Failing Fertility

The Story of Decreased Fertility

Posted on 2016-11-21

It seems like every time I take a look at Facebook one of my friends is annoucing they're pregnant or they just had a baby. You would never guess that fertility rates have been falling drastically over the past 100 years, but they have!

Fertility rates in the US have dramatically decreased throughout the past century.

This is quantified with a number called the TFR (Total Fertility Rate). The TFR is based upon the fertility rates of women in age specific categories during their 'child bearing years'. This traditionally constitutes ages 15-44 or 15-49. This number represents the average number of children a woman would birth throughout the life span of her fertility. In other words, if the average woman in a particular geographic area would birth 3 children in her life, the TFR would be 3.

In order to maintain the current population of any given area, the TFR would have to be roughly 2.1 (2.06 exactly). The US government has been keeping track of this data since 1909. Upon their initial assessment, the TFR was approximately around 3.5; however, this number has fluctuaded over the past 100 years during particular time period.

We dropped to around 2.25 during the Great Depression, understandably so, but hit a peak of 3.7 in the 1960s. Unfortunately, since the 1970s, we have mostly been below the 2.1 average that we would need to maintain our population. Furthermore, this is a global issue and not just local to the US.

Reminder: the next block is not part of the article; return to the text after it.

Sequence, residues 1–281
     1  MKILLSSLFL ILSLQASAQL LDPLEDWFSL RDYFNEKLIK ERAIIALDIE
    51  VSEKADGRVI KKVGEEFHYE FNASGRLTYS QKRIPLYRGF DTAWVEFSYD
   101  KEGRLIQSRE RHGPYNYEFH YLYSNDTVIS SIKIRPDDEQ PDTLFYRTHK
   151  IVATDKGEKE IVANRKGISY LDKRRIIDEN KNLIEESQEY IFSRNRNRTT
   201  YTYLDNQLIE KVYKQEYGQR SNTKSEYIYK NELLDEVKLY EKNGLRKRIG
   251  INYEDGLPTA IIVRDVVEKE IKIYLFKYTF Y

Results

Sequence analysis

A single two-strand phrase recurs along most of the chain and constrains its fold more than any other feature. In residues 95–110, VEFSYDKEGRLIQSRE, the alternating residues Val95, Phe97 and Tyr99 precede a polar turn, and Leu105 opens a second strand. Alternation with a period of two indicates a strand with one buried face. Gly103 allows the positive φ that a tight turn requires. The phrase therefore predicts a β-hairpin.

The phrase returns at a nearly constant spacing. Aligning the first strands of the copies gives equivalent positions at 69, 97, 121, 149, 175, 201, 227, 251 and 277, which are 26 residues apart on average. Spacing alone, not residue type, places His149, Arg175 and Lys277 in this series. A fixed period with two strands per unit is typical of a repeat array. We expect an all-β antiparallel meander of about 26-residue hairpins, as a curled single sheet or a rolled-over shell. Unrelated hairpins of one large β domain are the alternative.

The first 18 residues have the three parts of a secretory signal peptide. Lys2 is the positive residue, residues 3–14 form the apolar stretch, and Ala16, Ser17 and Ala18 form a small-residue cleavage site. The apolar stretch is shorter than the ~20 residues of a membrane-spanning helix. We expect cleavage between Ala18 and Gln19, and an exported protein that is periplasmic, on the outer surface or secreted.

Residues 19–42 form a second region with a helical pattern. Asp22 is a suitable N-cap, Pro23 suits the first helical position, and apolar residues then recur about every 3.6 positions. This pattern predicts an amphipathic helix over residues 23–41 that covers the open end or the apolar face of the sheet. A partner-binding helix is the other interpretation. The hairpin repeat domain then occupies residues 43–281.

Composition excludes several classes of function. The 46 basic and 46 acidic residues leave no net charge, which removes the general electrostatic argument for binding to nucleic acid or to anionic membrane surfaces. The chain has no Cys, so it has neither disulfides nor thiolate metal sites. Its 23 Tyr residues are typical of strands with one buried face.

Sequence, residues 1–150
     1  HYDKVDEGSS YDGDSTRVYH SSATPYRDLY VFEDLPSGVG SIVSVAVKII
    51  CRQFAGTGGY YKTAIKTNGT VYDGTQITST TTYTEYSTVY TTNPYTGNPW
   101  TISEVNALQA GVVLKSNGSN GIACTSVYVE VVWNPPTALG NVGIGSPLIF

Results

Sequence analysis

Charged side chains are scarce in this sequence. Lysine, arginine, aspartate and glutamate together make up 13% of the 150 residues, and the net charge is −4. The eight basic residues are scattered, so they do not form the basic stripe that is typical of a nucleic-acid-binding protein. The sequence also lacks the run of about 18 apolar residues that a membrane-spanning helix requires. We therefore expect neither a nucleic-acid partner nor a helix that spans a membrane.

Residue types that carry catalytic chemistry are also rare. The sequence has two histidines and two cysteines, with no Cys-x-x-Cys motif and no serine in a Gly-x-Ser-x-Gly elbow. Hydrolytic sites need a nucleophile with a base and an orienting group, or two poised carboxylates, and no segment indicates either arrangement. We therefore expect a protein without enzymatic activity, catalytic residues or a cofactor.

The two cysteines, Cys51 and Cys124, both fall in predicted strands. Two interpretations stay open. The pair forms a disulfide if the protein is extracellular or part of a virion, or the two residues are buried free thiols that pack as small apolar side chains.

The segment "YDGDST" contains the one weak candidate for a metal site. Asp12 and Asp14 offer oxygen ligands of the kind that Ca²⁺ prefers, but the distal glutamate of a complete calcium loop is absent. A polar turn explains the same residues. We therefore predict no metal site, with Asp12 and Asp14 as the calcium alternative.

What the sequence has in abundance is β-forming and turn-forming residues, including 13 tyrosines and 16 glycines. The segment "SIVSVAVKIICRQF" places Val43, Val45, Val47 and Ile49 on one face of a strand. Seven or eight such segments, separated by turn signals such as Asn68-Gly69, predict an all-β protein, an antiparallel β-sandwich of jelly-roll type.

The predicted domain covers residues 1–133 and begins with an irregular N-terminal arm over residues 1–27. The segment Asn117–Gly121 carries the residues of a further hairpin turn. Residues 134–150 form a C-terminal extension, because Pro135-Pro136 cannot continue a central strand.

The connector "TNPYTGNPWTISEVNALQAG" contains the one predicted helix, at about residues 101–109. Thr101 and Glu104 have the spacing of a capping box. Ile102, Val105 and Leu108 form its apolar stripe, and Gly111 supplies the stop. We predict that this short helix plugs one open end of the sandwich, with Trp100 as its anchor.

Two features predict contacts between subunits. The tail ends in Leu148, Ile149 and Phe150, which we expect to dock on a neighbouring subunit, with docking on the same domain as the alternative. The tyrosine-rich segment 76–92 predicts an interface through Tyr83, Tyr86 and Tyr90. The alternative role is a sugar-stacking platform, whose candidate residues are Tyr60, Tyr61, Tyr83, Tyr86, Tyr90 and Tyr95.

Since the 1970s China's birth rate has dropped an astonishing 71%!

China, Russia, Brazil, Japan, Canada, Australia and all of Europe with exception to Turkey, France and Ireland have ALL dropped below the TFR levels required to maintain their current populations. Predictions state that the global population, if we maintain this current course, will actually start decreasing by the end of the 21st century.

According to a study performed in 1992, male sperm count has decreased by more than half since World War 2. This drastic drop off was noticed by analyzing data within just a 10 year period. That's 50% less fertility in males in just 10 years! Strangely enough, a study showed that male testicles have been decreasing in weight simultaneously. Some estimates believe that sperm counts will drop below 20 million per milliliter within our life time. This would effectively render the male population sterile!

Why has this number dropped so drastically? Much to the chagrin of scientists, there is no absolute answer to this question just yet. There are a few theories in the works, however.

To be continued...


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